“Singing Pain”: Gaze and Voice in Toni Morrison’s Jazz


Toni Morrison's Jazz is renowned for its jazz-like, improvisatory but enigmatic narrating voice. An anonymous narrator, whose gender and social identity is not revealed, dominates the development of the plot even though the other voices emerge on and off. In an interview, the author admits that the narration is modeled on the rhythms, the multiple voices and the call-and-response pattern of the jazz performance. In this regard, jazz itself is even assumed by some critics to be this anonymous narrator. Following Beloved as the second novel of her historical trilogy, Jazz accounts the history of the migration from the South to Harlem during 1920s, then a fledgling black urban diaspora known for this musical performance characteristic of African-American culture. The novel, full of visual and auditory imagery, deals with the problematic issue of the formation of the black diasporic identity. The improvising narrating voices account, on the one hand, the "traces" in the scopic field of the City that constitute the racial identity founded on visuality and, on the other, recite the protagonist's tracing/hunting in the City as a sort of nomadic migration from the castrating white gaze and also a trace back to his origin. This paper aims to explore the fluidity of the improvising voice, commingled with the migration and the traces of identity, in terms of the Lacanian conception of objet petit a, which plays an important role in the formation of the subject's identity, so as to shed light on the affiliation between the narrative musicality and black diasporic identity and to construe the interweaving of this identity with the two love objects in the Lacanian theory -- the voice and the gaze. According to Žižek in his "I Hear You with My Eyes," voice as that which screens silence pointing to the lacuna qua objet petit a "vivifies" the subject, whereas gaze "mortifies" the subject because, as Lacan points out in the anecdote of Petit Jean in Seminar XI, the gaze manifests that the subject is "out of place" in the scopic field; music as a form of human voice, for instance, enables the subject to grasp the "being" castrated in the process of symbolization. In contrast with the "mortifying" gaze concealed in the all-seeing City, the narrating voice/jazz veils the muteness qua lack, i.e. the locale of the objet a, and functions to "vivify" the black subject, redeeming it from the "blankness" embodied by the mute black body represented in white racist discourses since the recounting voices invoke the presence and keep the absence, the "inaudible object voice" where the subject emerges, at bay. The jazz rhythm, as a cultural feature of African-American people, seems to turn the narration into a site for cultural identification. As a counter narrative resisting any white-centric racist narrative which functions to "symbolically" interpolate the black subject as a "nigger," the apparently feminine, free-floating jazz performances of the stories in the City display a discourse of the desire for the mother. The spontaneous musical narration reflects the male protagonist's traces for the root of his racial identity -- his mother, a woman figuratively named "Wild." However, the traces end up with nothing but the trace itself, just as the protagonist's name reveals, Joe Trace. The absence of the mother turns out to be the traumatic core that evokes the drive-like tracing. The improvising style of the narration also implies the contingency of the identity formation that jazz seems to propel since just as jazz performance in its improvisation oscillates between call and responses, voices and silence, so the narration plays with the presence of cultural/racial identity and the absence where the subject is.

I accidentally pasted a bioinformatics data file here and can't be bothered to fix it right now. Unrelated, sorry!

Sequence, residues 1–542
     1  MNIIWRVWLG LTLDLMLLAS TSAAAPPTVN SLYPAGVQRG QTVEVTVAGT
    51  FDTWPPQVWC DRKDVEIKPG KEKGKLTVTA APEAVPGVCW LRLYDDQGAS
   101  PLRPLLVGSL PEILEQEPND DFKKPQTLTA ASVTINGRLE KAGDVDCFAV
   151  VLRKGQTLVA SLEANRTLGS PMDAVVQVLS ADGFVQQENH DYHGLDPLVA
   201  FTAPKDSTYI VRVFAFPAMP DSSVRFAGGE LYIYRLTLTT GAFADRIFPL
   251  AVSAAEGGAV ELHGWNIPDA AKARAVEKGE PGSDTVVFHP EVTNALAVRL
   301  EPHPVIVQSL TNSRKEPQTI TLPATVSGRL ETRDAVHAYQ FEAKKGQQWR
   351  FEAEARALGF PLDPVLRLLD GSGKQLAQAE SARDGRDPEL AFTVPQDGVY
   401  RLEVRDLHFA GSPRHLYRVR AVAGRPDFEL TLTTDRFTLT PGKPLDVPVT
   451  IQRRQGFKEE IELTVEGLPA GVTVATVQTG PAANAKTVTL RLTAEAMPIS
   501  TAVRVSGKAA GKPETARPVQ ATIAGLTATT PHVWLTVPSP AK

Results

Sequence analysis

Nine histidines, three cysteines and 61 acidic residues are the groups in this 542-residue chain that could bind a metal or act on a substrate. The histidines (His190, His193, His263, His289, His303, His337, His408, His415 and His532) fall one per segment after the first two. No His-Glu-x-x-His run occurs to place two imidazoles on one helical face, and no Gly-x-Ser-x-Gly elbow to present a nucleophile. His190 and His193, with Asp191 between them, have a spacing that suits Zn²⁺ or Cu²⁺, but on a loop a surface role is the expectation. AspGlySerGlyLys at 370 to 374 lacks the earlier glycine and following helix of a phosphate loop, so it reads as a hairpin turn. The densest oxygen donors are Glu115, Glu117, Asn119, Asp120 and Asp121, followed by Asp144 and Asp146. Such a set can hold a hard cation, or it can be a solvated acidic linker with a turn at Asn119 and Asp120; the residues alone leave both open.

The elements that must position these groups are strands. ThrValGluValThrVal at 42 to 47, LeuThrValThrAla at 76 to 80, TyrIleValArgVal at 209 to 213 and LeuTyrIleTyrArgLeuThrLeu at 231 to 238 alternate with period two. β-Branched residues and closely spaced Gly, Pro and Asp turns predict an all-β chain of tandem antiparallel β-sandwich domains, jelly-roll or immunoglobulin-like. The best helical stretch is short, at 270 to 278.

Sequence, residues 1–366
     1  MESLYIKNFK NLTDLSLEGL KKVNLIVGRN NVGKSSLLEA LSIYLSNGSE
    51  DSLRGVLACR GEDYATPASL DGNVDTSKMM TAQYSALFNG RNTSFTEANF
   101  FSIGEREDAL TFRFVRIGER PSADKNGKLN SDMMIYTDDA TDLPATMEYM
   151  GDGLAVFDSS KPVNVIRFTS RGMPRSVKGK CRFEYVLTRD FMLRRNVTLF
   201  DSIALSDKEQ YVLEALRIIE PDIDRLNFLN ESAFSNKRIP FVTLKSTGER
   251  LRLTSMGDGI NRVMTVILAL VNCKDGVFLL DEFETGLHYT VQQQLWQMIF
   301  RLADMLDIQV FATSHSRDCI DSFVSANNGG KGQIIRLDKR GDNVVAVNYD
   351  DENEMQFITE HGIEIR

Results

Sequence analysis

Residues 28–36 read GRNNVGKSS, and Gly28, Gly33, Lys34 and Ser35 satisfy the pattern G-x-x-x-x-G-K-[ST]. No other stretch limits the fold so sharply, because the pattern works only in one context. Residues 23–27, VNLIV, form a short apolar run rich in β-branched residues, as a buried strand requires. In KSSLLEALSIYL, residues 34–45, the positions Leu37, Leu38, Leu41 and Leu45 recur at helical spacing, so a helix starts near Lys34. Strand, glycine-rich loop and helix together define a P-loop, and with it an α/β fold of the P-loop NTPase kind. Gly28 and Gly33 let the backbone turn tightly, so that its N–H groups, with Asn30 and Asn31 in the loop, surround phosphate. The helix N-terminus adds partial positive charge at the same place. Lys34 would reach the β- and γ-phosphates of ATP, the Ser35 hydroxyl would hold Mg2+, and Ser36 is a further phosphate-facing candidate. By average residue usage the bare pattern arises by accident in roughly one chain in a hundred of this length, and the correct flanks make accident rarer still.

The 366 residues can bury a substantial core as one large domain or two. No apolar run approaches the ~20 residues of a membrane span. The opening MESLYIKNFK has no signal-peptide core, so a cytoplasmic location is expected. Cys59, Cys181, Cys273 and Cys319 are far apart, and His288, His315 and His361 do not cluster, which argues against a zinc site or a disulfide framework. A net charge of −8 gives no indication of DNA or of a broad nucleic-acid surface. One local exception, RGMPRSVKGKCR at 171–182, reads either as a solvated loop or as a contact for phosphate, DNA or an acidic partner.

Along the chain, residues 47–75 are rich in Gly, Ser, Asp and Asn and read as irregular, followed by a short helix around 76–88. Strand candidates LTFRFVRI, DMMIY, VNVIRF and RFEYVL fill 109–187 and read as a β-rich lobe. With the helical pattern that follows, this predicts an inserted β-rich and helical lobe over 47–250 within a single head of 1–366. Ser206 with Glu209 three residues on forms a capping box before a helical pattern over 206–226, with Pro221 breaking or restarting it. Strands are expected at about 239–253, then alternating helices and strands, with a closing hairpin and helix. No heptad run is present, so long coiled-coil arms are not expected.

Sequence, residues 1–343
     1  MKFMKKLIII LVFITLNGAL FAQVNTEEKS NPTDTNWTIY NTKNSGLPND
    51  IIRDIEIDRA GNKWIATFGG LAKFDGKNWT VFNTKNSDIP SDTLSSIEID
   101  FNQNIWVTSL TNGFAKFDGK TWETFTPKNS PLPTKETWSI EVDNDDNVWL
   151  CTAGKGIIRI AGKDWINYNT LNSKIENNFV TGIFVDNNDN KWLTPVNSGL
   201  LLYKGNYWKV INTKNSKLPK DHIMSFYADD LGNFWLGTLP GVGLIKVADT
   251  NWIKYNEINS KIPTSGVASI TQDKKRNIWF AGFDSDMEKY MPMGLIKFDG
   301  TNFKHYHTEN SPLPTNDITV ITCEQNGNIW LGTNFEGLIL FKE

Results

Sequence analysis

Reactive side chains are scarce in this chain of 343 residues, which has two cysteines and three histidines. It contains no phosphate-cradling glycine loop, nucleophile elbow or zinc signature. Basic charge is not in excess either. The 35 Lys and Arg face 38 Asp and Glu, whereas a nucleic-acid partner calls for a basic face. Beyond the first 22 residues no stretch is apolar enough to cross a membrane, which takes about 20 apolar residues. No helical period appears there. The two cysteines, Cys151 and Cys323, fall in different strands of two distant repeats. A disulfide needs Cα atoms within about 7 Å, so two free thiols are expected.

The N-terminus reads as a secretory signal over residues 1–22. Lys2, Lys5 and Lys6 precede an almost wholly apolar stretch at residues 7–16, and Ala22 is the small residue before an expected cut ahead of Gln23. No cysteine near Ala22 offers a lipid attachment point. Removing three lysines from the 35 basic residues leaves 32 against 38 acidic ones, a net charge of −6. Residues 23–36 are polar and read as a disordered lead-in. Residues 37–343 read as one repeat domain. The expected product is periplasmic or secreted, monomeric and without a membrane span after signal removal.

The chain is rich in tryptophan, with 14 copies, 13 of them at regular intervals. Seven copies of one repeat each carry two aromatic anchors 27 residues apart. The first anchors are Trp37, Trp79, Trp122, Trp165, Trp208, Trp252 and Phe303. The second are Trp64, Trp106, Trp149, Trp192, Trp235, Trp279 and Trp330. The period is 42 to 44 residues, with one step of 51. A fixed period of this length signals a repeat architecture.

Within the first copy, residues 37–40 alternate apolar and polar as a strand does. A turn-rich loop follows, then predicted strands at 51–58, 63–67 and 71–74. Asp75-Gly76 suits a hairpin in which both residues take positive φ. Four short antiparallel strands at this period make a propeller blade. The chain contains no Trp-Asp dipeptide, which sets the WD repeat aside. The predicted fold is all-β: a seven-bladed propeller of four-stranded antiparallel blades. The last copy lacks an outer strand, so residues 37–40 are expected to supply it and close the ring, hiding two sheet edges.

Stomach-Churning Socialism? Biopolitics in Upton Sinclair’s The Jungle